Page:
The minimum age for a marriage visa is to be raised from 18 to 21, in a bid to combat forced marriages.
The government wants to strengthen the UK's borders
Spouses or fiances who want to come to the UK from outside the EU may also have to pass an English test first.
People who act as guarantors for people on family visit visas could also face fines of £1,000 if they overstay.
The proposals are part of efforts to strengthen UK border controls, which will see more people being screened before they enter the UK.
Home Office Minister Liam Byrne also announced the creation of a new government committee which will look at the social impact of immigration.
The decision to set up the Migration Impact Forum (MIF) goes even further than plans announced earlier this year.
This reflects concern about the strain placed on public services such as the NHS and schools by immigrants, as well as on housing and transport.
But Mr Byrne said the forum would also look at the impact of migration on community cohesion and would report to the proposed Migration Advisory Committee which will set quotas for migrant workers through the new Australian-style points-based system.
Measuring community cohesion was not "an exact science," added Mr Byrne, but he said "we will be establishing the means to take into account the wider impact of immigration".
The government has already announced plans to strengthen border controls, including ID cards for all immigrants and greater use of technology such as iris scans to check identity.
But it is also planning a shake-up of the visa system, which could have a major impact on UK citizens who want to bring family members into the country.
British people being guarantors in a Sponsored Family Visitor visa may have to give undertakings to house the applicant and pay for any non-emergency medical care they require during their stay.
Mr Byrne said: "I think a fine of £1,000 or more will encourage sponsors to take their responsibilities seriously.
"We need to consult with a number of organisations about how best this can be put into effect."
The plan also proposed raising the minimum age for a marriage visa from 18 to 21.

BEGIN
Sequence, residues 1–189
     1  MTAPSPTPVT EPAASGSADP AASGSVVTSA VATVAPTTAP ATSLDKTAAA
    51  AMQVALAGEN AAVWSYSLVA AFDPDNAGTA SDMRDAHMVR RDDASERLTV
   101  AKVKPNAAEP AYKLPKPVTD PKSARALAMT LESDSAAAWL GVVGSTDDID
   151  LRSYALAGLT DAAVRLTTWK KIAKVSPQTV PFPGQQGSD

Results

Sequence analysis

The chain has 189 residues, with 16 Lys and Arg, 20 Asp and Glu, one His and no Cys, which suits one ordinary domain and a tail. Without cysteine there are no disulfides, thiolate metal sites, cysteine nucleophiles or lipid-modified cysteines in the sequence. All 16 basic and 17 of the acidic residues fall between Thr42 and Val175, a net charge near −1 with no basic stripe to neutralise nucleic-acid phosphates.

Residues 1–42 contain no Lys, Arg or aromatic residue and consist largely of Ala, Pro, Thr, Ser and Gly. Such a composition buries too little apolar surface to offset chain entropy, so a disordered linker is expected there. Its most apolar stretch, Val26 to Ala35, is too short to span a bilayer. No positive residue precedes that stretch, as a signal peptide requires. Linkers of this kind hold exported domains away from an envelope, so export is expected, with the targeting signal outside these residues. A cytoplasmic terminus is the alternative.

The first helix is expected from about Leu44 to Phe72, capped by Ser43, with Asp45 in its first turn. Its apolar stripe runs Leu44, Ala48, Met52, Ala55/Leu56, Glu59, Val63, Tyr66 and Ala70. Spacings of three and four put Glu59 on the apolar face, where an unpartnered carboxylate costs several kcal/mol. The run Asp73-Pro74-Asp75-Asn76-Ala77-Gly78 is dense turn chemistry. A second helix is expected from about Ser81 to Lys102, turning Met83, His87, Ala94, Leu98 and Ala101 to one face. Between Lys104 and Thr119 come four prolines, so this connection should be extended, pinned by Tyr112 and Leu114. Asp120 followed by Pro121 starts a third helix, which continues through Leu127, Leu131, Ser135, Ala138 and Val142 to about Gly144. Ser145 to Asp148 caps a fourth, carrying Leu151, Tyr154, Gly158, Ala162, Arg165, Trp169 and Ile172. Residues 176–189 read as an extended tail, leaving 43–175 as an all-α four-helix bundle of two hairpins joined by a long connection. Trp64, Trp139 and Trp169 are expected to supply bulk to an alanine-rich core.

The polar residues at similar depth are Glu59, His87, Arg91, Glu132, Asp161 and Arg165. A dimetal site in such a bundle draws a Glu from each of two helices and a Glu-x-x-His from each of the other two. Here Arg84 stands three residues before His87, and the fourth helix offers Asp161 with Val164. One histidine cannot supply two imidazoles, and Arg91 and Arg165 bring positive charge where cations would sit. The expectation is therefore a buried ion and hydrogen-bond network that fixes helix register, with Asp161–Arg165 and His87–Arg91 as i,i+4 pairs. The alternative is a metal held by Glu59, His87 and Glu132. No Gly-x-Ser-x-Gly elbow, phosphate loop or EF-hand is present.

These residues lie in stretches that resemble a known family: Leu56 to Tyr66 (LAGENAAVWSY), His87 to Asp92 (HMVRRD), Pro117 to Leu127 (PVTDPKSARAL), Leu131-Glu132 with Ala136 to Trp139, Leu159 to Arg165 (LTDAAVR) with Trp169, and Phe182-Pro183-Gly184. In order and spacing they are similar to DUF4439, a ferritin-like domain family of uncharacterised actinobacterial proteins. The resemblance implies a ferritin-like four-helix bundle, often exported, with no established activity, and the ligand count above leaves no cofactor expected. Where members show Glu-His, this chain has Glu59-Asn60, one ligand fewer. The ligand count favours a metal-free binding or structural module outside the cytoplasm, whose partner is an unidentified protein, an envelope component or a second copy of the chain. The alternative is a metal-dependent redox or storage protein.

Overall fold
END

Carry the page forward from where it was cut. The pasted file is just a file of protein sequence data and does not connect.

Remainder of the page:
In a report published earlier, the Home Office says "there are sometimes situations in which a young person is forced by family pressure into an unwanted union," with one party needing a visa to enter the UK.
Raising the minimum age to 21, would "allow the young people involved to have completed their education as well as allowing them to gain in maturity and possess adequate life skills," it adds.
The government is also expected to introduce confidential interviews for people entering the country to make sure they have not been forced into marriage.
About 15,000 British people marry foreign nationals from outside the European Union each year. The age at which people in the UK can get married is 16.
The government said it expected the number of people entering and leaving the UK to increase by 50% in the next seven years.
It wants to "export" Britain's borders to screen more people wanting to enter the UK before they get there.
"The days when border control started at the White Cliffs of Dover are over," said Mr Byrne.
He also pledged to count in and count out 95% of travellers by 2009.
The home office also proposes charging immigrants more in fees for leave to remain and naturalisation - sparking criticism from the Joint Council for the Welfare of Immigrants which accused ministers of being "completely unfair that these vulnerable groups".
Both the Conservatives and Liberal Democrats have accused the home secretary of putting rhetoric above action.